Tension-Compression Asymmetry in Homogeneous Dislocation Nucleation
Abstract. This letter addresses the dependence of homogeneous dislocation nucleation on the crystallographic orientation of pure copper under uniaxial tension and compression. Molecular dynamics simulation results with an embedded-atom method potential show that the stress required for homogeneous dislocation nucleation is highly dependent on the crystallographic orientation and the uniaxial loading conditions; certain orientations require a higher stress in compression (e.g., <110> and <111>) and other orientations require a higher stress in tension (<100>). Furthermore, the resolved shear stress in the slip direction is unable to completely capture the dependence of homogeneous dislocation nucleation on crystal orientation and uniaxial loading conditions.
This manuscript was recently accepted in Applied Physics Letters. I have converted this to the journal format (3-pages) using LaTex. A few points that I have found interesting:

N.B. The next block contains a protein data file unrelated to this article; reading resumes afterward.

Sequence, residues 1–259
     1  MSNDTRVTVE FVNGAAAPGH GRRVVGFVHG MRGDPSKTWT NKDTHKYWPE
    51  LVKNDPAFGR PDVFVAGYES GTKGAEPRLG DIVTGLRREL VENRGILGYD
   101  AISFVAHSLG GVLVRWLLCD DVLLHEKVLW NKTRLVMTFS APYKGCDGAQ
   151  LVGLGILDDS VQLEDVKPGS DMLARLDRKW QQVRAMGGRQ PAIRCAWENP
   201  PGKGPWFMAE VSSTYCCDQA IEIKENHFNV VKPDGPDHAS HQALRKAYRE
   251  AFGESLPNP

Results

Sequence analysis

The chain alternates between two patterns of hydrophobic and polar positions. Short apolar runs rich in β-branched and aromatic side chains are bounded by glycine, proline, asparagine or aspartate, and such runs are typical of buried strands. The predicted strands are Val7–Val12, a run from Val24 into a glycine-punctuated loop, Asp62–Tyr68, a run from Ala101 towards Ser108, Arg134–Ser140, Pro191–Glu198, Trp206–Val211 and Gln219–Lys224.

1. The tension-compression asymmetry observed in the dislocation nucleation stress in single crystal copper may help explain the tension-compression asymmetry that exists in the presence of heterogeneities (i.e., grain boundaries in nanocrystalline materials, free surfaces in nanowires). The tension-compression contour plot shows that most orientations require a larger dislocation nucleation stress in compression than tension. Therefore, a nanocrystalline material with random crystallographic texture should require a larger yield stress in compression than tension based solely on the effect of the crystal orientation; previous work confirms that this is the case.
2. The stress required for dislocation nucleation in single crystals depends on both the resolved shear stress on the slip plane in the direction of slip and the stress normal to the slip plane. While not explicitly shown in this letter, we find that there are certain regions of the stereographic triangle in tension where the dislocation nucleation stress correlates best with the resolved stress normal to the slip plane. In other words, while the resolved shear stress is important for the motion of dislocations (Schmid Law), the resolved stress normal to the slip plane can be important for the nucleation of dislocations in a pure fcc material.
I welcome any comments. Thank you.